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Indians Indians Archive View from the Porch: What If You Had A Say?
Written by Adam Burke

Adam Burke

HRPorchViewAre you tired of seeing political ads? Me too. It’s that horrible time of year where mud-slinging reigns supreme and blanket statements are made about what candidates did or didn’t do and largely unsupervised political action committees run ads demolishing the character and achievements of the candidate they oppose. It is part of the reason why our country seems to take more steps backwards than it takes forwards. There’s nothing wrong with having an opinion, an ideology, or a set of beliefs and values, so long as you’re willing to work with somebody who differs a lot or a little from what you believe.

With all of the issues surrounding our country slowly coming to the forefront during an election year, just to be swept under the rug when political positions aren’t on the line, it got me to thinking. What if sports franchises ran like local or state governments? What if the fan base was able to vote for the candidate they most approved of for a certain position? What would the re-election rate actually be? What if two conflicting ideologies were forced to campaign against each other for the votes of the fans? What kind of dynamic would that create?

We like to think that, as a nation, we reward our elected officials for a job well done by giving them another term in office. Wouldn’t it be cool to have the chance to do that with our sports teams? Or, would it be more detrimental than anything? There’s no telling the fireworks that could happen with a system like that. It’s safe to say that, in most cases, people are more emotionally invested in their sports teams than social, political, or economic issues. At least, if we’re talking about the voting demographic that would care enough to get out to the polls to vote for a team’s front office and even coaching staff.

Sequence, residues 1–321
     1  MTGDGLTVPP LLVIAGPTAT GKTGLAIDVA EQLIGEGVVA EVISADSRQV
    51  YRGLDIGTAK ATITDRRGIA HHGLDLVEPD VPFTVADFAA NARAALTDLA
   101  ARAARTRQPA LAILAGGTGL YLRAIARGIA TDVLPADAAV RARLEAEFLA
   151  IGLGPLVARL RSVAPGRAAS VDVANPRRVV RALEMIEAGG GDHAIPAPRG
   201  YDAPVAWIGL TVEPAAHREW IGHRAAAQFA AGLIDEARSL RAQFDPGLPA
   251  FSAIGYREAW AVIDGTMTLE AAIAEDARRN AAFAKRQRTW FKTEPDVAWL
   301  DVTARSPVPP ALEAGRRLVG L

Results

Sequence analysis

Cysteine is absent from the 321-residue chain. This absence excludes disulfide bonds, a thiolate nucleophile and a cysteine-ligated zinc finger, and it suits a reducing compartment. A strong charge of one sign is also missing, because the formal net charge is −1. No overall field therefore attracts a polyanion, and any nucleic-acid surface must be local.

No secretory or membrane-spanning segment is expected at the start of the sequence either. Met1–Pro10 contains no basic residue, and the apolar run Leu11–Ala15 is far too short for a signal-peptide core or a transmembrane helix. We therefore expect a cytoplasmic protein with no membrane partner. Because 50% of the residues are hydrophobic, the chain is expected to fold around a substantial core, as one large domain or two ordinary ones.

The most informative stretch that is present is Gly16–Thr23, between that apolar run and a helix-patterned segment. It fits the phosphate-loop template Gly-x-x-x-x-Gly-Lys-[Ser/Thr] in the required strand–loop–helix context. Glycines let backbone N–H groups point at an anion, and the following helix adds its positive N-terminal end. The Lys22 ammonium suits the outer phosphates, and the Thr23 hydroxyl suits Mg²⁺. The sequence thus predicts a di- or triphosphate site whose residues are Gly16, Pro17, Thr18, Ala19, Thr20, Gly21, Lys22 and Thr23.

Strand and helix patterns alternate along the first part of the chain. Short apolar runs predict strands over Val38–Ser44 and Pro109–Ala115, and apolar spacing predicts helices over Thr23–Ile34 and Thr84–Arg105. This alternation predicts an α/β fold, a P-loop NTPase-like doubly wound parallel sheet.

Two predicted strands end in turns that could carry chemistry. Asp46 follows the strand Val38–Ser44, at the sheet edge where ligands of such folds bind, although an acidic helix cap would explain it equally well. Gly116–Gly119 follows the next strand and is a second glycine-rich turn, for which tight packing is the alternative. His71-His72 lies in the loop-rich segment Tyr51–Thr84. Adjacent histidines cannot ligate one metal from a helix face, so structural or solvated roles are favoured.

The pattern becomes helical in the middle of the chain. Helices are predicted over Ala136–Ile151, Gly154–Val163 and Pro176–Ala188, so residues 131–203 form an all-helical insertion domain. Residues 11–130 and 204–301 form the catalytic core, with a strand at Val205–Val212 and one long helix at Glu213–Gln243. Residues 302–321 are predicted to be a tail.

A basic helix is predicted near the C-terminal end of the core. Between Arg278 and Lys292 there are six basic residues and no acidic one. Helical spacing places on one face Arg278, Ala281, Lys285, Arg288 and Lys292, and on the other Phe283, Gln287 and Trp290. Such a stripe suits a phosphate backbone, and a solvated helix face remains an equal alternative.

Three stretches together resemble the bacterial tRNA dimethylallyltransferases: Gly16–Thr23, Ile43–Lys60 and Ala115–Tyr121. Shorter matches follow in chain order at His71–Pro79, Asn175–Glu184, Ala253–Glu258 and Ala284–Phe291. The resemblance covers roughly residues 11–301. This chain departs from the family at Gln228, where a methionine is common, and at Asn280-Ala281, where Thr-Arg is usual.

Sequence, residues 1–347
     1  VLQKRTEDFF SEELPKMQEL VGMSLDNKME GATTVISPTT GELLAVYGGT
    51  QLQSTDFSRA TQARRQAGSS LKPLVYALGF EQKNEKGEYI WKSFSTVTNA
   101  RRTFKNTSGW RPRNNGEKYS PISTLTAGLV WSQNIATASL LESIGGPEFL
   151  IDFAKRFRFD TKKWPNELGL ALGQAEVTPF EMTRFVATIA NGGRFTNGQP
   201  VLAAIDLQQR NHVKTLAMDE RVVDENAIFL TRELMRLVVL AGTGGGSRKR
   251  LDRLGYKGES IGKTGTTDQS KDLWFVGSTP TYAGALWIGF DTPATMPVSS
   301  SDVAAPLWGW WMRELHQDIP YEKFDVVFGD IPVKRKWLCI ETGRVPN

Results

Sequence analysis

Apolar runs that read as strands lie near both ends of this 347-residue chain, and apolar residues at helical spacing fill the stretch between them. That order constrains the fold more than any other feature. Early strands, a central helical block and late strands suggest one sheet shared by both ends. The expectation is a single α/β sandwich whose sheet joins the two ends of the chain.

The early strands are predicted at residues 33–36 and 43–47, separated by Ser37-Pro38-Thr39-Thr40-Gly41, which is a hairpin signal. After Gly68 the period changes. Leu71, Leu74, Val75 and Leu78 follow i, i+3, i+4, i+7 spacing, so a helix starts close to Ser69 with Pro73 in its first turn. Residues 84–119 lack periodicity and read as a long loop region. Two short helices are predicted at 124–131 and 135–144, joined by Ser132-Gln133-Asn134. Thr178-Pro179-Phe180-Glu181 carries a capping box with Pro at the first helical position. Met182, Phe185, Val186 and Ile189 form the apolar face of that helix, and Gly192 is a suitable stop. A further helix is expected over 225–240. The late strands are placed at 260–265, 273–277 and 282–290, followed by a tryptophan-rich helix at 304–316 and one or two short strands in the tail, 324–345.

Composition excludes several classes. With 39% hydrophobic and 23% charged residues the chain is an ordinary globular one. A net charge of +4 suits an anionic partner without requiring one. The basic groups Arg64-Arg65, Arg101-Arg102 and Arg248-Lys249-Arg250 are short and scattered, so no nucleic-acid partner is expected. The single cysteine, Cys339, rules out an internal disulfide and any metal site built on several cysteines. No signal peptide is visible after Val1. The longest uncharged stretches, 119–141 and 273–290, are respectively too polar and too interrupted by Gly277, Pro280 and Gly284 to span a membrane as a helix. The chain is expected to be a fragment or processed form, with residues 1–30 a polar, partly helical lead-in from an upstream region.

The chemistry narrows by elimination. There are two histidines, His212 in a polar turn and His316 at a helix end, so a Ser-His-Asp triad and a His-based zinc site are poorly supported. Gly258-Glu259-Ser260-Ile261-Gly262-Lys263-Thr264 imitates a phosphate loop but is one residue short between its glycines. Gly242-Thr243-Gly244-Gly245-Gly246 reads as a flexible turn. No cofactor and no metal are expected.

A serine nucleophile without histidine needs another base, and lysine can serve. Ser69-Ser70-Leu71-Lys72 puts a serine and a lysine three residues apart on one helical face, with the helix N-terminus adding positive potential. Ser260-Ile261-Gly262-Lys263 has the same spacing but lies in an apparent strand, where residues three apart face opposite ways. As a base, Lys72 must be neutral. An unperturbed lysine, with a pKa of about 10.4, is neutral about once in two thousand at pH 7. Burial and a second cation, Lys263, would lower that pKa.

Take the Dolans, for example. I don’t think there’s any doubt that they would be voted out of “office” if there was a candidate (cough Dan Gilbert cough) that the fans would rally around. In order to pretend with this hypothetical, we’d obviously have to keep in mind that the team would have to be bought and sold to different ownership groups, which is definitely a stumbling block because the Indians are a private entity and the public has no financial stake in the company.

It would be refreshing, though, to force personal accountability. If a Congressman or a judge screws up, the way that the public lets them know is by not voting for them. If a General Manager or ownership of a sports franchise screws up, the only way to let them know is by not attending games, and, as we all know, profits are still made whether Joe Sixpack goes to the game or not.

Ownership would probably be the most difficult thing about a vote to realign a sports team’s front office. The terms would have to be at least 10-12 years in length because you would not want a lot of turnover. That would just create a lot of problems. Business partnerships, contracts, etc. would just become a gigantic hassle.